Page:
The president of the Central African Republic pushed back Wednesday against UN warnings of looming genocide in his country, saying the complex crisis could not be reduced to religious and ethnic strife.
"We think that to talk about genocide at this stage is going too far... it is not justified," President Faustin-Archange Touadera told reporters in Geneva after addressing the Human Rights Council.
He was asked about comments from the recently departed United Nations humanitarian chief, Stephen O'Brien, who said renewed clashes in the country had "the early warnings signs of genocide".
Touadera countered that the factors fuelling the violence varied significantly in different places, with cases where people were fighting members of their own ethnic group or even their own family.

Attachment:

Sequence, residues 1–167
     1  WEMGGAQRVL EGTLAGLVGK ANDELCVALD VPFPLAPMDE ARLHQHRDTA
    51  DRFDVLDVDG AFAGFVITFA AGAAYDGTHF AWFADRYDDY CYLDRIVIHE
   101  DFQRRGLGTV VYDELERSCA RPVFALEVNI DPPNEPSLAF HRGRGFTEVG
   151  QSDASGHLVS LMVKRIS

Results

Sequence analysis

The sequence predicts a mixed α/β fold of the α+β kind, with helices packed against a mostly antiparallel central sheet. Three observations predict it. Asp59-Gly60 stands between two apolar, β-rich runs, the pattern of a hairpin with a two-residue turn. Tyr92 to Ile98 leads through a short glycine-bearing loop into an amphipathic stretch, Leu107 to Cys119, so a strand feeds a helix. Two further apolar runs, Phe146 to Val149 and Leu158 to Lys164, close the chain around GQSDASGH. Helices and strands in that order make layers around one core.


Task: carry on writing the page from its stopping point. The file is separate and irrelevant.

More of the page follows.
The conflict is partly driven by competition for land and resources like diamonds and timber, among other factors, the president said.
He dismissed the existence of a "programme" by one group to exterminate the other, as is required to meet the definition of genocide.
The current crisis in the Central African Republic dates to 2013 when the mainly Muslim Seleka rebel alliance seized power.
They were forced out, with help from a military intervention by former colonial power France, but the country has remained plagued by violence involving various armed groups.
More than 600,000 people have fled their homes within the country and a further 500,000 have crossed borders as refugees, while nearly 2.5 million need aid, according to the UN.
The UN is considering beefing up its 12,000-strong peacekeeping force in the country in response to renewed violence this year.